How Online Poker Has Slowly Taken Over the World


840
2 shares, 840 points

Online poker is booming, and to be honest, it has been since back in 2003. It’s now one of the most played online casino games and is without a doubt, one of the most popular games to watch on streaming platform Twitch. But what is it about this game that we used to associate with smoky casinos in Vegas that makes it so popular?

The game itself hasn’t changed much in almost a century, and if we are to believe historical reports, it has been in existence for almost a thousand years. But why the massive rise in popularity right now? Well, the clue is in our title — the internet.

Where it All Began

Throughout the late 90s, people played online poker for fun, with the first real game held online taking place on January 1, 1998. Always considered an option for people who couldn’t quite hack it at live brick-and-mortar casinos, poker professionals didn’t want anything to do with online poker rooms and thought nothing of the players who used them.

That all changed in 2003. That was the year that a completely unknown player with the rather apt name of Chris Moneymaker won the World Series of Poker (WSOP) Main Event. Now, there’s nothing unusual about a relatively unknown player winning a major poker event, but the difference here was that Moneymaker had qualified through an online satellite event.

Yes, Moneymaker was the type of online poker player that all the old pros never took seriously. That is until he won. Moneymaker changed the face of online poker and gave heart to the millions of online players who now realized that if he could do it, so could they. Online poker platforms enjoyed an unprecedented boom with registrations surpassing anything the gaming community had ever seen before.

Online poker revenue soared in the 10 years after Moneymaker’s win. Credit: Statista

Since then, online poker has continued its phenomenal rise in popularity, and professional players now take the online community seriously. In fact, many WSOP Main Event winners started out their careers online. Some players have even carved out successful careers playing only in online events.

Online vs. Live Poker

Besides the obvious difference that one is online while the other is in person, there are some stark contrasts between the live and online versions of the game. Yes, they are practically the same game, but how you play them and even the etiquette involved can differ significantly. But there’s one aspect of the online poker community that makes it hugely appealing in comparison to its live counterpart — accessibility. 

From free poker tournaments to high-roller events, there’s a place at an online poker table for everyone from every walk of life. As an inclusive game, this makes it appealing to almost everyone. Age, gender, culture; none of these things make one bit of difference to the online community. People see usernames and avatars, and they don’t care about anything else.

In the world of live poker, even now, women are in the minority. There are, of course, many successful female poker players, but it’s still rough for them at the casino tables. But as we already mentioned, in the online community, it doesn’t matter if you’re male or female.

Then there’s the fact that for some people, getting to the casino to play poker may not be all that simple. For those living in rural areas, it might mean the need to stay in a hotel overnight. Imagine having to pay to stay in a hotel so that you could play a game of cards. But online poker ended all that and brought poker to the masses. Suddenly, people who could only play at home with their family or friends could now play in global online tournaments for real cash. Not only that, but they could also play on their phone or tablet anywhere they wanted.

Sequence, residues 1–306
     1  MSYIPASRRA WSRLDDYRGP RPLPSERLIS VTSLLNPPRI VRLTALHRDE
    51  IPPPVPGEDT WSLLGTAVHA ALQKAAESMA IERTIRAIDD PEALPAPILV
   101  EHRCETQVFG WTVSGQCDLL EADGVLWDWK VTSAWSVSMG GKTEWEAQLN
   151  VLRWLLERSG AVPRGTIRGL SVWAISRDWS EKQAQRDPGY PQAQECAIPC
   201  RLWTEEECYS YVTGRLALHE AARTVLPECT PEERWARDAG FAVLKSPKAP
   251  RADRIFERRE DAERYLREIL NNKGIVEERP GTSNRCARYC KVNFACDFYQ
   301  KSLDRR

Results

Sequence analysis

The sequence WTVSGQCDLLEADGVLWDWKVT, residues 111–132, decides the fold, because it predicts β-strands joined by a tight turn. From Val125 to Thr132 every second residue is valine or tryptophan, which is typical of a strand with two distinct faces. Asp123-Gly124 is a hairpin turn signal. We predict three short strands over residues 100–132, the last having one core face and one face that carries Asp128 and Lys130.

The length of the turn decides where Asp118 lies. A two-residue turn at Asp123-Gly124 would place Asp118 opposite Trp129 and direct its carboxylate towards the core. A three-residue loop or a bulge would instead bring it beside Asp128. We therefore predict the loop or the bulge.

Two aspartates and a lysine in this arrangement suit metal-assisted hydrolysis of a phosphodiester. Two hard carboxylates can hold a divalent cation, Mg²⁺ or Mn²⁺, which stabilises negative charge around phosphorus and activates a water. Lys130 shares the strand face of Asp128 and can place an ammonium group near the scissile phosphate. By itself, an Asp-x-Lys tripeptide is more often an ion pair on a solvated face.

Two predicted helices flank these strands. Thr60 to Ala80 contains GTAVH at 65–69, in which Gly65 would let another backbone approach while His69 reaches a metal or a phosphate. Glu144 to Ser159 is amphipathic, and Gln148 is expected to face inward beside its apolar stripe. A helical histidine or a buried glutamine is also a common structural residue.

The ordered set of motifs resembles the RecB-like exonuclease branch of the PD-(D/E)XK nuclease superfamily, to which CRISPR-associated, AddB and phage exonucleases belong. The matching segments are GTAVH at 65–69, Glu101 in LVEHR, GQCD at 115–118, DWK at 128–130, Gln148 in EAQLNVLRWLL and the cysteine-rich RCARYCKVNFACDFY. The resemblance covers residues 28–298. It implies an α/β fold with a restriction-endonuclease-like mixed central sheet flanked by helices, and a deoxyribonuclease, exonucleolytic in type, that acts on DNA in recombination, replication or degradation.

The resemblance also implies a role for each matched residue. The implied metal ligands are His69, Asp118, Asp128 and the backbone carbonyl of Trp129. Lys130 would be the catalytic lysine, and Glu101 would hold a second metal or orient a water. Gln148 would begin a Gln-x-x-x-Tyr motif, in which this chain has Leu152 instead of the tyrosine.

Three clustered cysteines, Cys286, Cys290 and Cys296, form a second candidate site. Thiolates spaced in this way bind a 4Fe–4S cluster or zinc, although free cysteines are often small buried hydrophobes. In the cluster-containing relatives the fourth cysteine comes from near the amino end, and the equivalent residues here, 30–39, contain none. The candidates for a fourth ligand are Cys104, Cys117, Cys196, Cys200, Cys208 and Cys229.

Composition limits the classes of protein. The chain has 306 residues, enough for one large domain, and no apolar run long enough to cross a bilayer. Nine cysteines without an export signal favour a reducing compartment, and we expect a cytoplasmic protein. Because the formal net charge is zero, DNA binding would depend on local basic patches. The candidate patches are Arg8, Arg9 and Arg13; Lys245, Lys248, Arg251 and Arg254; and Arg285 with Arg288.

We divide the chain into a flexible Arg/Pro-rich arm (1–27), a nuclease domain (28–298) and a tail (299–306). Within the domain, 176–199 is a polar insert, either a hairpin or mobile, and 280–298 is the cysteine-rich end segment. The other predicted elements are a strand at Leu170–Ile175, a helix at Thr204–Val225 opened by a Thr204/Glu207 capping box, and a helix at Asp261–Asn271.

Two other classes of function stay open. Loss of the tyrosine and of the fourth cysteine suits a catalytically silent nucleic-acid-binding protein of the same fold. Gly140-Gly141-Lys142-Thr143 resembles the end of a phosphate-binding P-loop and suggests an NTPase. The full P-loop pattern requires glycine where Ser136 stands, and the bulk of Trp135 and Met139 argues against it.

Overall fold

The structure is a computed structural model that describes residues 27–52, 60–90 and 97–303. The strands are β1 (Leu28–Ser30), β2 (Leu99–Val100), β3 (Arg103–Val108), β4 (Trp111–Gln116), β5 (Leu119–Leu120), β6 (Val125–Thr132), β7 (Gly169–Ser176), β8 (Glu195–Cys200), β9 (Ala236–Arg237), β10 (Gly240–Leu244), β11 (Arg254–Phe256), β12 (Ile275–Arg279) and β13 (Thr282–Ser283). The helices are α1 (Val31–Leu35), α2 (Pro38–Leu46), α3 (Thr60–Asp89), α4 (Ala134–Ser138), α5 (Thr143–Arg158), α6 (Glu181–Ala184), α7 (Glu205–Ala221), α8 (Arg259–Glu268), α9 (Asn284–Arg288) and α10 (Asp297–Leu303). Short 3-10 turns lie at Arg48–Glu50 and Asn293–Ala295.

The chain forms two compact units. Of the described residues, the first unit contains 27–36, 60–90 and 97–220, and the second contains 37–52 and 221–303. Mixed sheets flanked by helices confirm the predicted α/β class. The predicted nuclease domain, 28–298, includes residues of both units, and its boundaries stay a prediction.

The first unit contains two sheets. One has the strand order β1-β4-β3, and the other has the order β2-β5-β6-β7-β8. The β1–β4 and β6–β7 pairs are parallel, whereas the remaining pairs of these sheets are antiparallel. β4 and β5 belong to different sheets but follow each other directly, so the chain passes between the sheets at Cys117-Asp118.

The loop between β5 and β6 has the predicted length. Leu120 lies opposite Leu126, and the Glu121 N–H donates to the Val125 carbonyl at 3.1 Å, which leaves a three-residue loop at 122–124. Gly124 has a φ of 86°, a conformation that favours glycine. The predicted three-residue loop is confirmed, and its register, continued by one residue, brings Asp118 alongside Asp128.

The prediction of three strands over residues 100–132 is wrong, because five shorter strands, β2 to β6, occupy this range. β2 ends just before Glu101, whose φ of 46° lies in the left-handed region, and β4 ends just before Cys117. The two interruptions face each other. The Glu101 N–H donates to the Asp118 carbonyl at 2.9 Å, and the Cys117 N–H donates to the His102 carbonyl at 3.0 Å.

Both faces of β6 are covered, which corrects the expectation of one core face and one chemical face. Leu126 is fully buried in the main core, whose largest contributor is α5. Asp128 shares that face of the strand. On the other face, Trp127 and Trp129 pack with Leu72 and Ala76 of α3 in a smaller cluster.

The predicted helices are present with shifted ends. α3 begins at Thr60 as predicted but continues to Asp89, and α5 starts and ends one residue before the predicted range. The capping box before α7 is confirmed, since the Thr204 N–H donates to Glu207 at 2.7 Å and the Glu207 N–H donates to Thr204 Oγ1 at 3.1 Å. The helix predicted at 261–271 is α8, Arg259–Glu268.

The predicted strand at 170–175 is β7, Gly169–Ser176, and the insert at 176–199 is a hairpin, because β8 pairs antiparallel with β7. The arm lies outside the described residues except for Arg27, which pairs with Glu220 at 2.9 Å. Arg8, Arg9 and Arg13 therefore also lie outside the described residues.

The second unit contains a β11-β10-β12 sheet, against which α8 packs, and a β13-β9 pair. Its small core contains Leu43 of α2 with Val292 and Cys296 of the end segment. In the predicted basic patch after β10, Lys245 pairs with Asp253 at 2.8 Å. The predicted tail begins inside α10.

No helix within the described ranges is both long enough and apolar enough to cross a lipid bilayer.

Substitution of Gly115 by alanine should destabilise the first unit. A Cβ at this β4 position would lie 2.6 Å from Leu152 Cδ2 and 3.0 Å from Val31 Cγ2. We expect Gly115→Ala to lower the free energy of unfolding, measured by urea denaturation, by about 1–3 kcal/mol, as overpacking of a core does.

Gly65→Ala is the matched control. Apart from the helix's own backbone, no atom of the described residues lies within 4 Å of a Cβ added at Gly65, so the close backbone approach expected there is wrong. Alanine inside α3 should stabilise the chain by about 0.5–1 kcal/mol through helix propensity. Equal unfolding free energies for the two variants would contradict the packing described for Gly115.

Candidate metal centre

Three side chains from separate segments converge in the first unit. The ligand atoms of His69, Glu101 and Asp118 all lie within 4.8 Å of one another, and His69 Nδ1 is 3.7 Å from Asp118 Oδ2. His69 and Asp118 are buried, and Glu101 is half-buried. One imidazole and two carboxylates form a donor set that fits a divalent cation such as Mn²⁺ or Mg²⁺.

Poker Goes Mainstream

Not quite a household name yet but there still is time.

Photo Credit: Flickr / CC BY-ND 2.0

Thanks to some good publicity and live TV shows, poker became more of a sport than a game played at the casino. Audiences would watch tournaments on TV and marvel at how players managed their game. The WSOP also started to become more of a mainstream event with plenty of publicity leading up to the events painting the poker community in an extremely positive light.

That was, of course, helped by the many rags-to-riches stories of players who came from nowhere to win events or become accomplished pros. Now that millions of people online played the game, those who didn’t play it looked on it in a completely different light. It was now a game that people understood required no small amount of skill and that luck played no part.

While we have yet to reach a point where poker pros are household names, the game does have a certain celebrity appeal to it. And who knows, maybe one day, the likes of 2017 WSOP Main Event winner Scott Blumstein will be someone that your grandmother knows. Well, perhaps not that likely, but still not impossible.

What the Future Holds

So, if it’s not quite the scenario where players become household names, what can we expect for the future of online poker? The simple truth is that the boom shows no signs of letting up. The online poker community grows bigger by the day while poker providers add more innovative features to make the game easier and more convenient to play.

What we can expect for the future is more of the same. More people who play online poker on the train to work. More online tournaments with massive prizes. And more players making the move from online to live tournaments such as the WSOP. There’s no doubt that online poker has slowly but surely taken over the world of gaming, and that’s not a bad thing at all.


0 Comments

Your email address will not be published. Required fields are marked *